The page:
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Abbey Park is Leicester’s premier park and opened in 1882. It includes gardens, lakes, a café, sports pitches and facilities for bowling, tennis and boating. It is a place for families and lies about a mile north of the city centre. The River Soar divides it into two distinct parts – a Victorian park with shrubberies, boating lake and miniature railway, and the western part which includes the remains of the 12th century Leicester Abbey, where Cardinal Wolsey died and was buried, and the ruins of the 17th century Cavendish House, a mansion which was Charles I’s HQ before the Battle of Naseby. It was destroyed and plundered by Royalist troops.
Abbotsford was the extraordinary home of the 19th century novelist Sir Walter Scott, who was born in 1771 and died at Abbotsford in 1832. The works of ‘Great Scott’ included 'Waverley' and 'Ivanhoe'. Scott also popularised tartan, saved the Scottish banknote and rediscovered his country’s Crown Jewels ('the Honours of Scotland'). Abbotsford is in the Scottish Borders and was built - or developed - as a family home, as well as Scott's workplace and somewhere to keep his collection of curios, artefacts and books.
Image credit: Historic Houses
Acorn Bank offers an attractive garden and partially open 17th century red sandstone manor house. The estate at Acorn Bank dates back to the medieval order of the Knights Hospitaller. The main attraction now is the 17th century walled garden, with its fascinating medicinal and culinary herbs, pretty formal area, traditional orchard, woodland walks and industrial past complete with restored working watermill dating from the 16th century.
Sitting in acres of Northamptonshire countryside, Althorp has been the residence of the Spencer family for 500 years and is one of England's grand stately homes. It is packed full of treasures, including some fascinating portraits. The original Tudor house is still there, beneath the later restorations and refurbishments, but the overall feel of the place is distinctly 18th century. The gardens are lovely and regular events are held, including an annual literary festival. Althorp is, sadly, best known for the association with possibly the most famous Spencer, Lady Diana, whose last resting place is on an island in the Round Oval lake.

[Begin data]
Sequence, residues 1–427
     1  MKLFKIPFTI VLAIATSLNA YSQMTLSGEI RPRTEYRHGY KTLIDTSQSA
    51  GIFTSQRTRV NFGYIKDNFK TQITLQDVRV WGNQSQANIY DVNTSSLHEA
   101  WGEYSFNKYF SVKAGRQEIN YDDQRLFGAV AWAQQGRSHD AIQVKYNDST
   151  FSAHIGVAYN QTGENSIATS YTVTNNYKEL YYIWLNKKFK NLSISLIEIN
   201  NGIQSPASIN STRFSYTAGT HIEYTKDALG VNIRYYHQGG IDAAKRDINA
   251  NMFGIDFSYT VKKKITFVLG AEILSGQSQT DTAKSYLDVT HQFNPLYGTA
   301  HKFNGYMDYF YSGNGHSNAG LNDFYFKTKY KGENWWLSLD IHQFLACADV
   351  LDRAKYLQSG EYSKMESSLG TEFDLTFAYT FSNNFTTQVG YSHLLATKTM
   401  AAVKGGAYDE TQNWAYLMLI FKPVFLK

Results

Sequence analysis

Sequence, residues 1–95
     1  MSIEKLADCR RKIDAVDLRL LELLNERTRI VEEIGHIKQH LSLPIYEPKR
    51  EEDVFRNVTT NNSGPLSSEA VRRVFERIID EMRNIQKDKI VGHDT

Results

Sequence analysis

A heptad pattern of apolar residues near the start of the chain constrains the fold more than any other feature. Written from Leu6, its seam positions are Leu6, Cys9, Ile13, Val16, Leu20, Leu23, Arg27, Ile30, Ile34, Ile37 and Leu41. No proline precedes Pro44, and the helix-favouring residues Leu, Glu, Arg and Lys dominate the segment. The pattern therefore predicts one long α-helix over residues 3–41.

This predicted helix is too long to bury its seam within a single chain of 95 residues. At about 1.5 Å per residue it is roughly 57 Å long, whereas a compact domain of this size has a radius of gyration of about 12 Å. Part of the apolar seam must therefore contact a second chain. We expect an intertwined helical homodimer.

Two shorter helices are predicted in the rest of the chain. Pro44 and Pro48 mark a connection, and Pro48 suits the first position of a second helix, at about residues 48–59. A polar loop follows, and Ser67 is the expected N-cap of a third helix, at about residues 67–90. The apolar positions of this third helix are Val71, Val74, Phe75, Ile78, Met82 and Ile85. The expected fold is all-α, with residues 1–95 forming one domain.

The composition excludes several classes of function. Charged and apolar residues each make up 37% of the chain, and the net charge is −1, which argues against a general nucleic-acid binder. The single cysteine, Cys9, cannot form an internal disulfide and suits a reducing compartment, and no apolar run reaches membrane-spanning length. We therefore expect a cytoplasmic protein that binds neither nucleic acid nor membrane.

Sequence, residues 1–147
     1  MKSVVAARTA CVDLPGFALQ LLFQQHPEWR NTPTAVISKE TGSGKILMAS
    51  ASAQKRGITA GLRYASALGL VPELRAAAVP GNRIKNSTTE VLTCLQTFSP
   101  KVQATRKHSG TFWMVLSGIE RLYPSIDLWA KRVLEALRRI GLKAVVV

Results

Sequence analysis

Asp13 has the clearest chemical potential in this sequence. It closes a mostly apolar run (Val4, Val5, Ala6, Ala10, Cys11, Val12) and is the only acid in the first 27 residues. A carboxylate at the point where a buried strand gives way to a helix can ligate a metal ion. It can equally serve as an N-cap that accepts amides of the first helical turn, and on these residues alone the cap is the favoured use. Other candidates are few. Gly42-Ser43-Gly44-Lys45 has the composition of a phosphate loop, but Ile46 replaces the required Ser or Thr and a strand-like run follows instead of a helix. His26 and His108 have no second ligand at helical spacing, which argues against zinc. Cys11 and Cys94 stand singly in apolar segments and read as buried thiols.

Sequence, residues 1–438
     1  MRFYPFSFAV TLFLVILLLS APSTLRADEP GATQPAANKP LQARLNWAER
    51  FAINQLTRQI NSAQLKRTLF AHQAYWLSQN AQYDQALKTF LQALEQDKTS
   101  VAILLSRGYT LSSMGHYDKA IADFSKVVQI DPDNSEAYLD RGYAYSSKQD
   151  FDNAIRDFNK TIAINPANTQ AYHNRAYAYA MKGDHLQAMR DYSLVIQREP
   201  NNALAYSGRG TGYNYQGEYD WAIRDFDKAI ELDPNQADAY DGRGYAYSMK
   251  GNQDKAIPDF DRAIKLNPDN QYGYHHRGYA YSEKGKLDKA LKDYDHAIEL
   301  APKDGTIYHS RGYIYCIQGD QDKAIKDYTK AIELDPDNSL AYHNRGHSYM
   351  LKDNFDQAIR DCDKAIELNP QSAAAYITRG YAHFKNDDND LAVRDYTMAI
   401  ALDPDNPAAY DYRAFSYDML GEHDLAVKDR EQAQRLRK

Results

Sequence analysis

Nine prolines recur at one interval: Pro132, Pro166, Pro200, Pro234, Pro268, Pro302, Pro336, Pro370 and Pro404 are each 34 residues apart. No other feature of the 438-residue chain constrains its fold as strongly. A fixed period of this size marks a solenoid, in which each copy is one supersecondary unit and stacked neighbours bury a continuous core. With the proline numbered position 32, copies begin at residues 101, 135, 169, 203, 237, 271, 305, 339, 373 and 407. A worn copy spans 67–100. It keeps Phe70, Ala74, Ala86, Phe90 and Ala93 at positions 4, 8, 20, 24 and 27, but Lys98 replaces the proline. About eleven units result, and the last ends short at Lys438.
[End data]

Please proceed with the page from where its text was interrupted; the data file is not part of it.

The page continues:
Althorp has limited opening - it is essential to check their website before making a special trip.
Anne of Cleves' House formed part of Anne’s annulment settlement from Henry VIII in 1540. Anne of Cleves was Henry's 4th wife - divorced, beheaded, died; divorced, beheaded, survived. The house is a fine example of a late medieval timber-framed Sussex building, dating from the late 15th century with additions and improvements made over the next 200 years. Some of the rooms have been furnished in contemporary Tudor style. The house also contains the Museum of Lewes History and the Wealden Iron Gallery. There is a small garden, also inspired by the Tudor period, and a cafe. The house and museum is managed by the Sussex Archaeological Society.
Arbury Hall is an Elizabethan manor house, originally built on the ruins of a 12th century Augustinian Priory and transformed into the Gothic style by Sir Roger Newdigate during the second half of the 18th century. It has been the seat of the Newdegate family for over 450 years and is the ancestral home of Viscount Daventry. The house stands in the middle of acres of 18th century landscaped gardens, within even more acres of lakes and parkland. Inside, the house is renowned for its fan vaulted ceilings with plunging pendants and filigree tracery.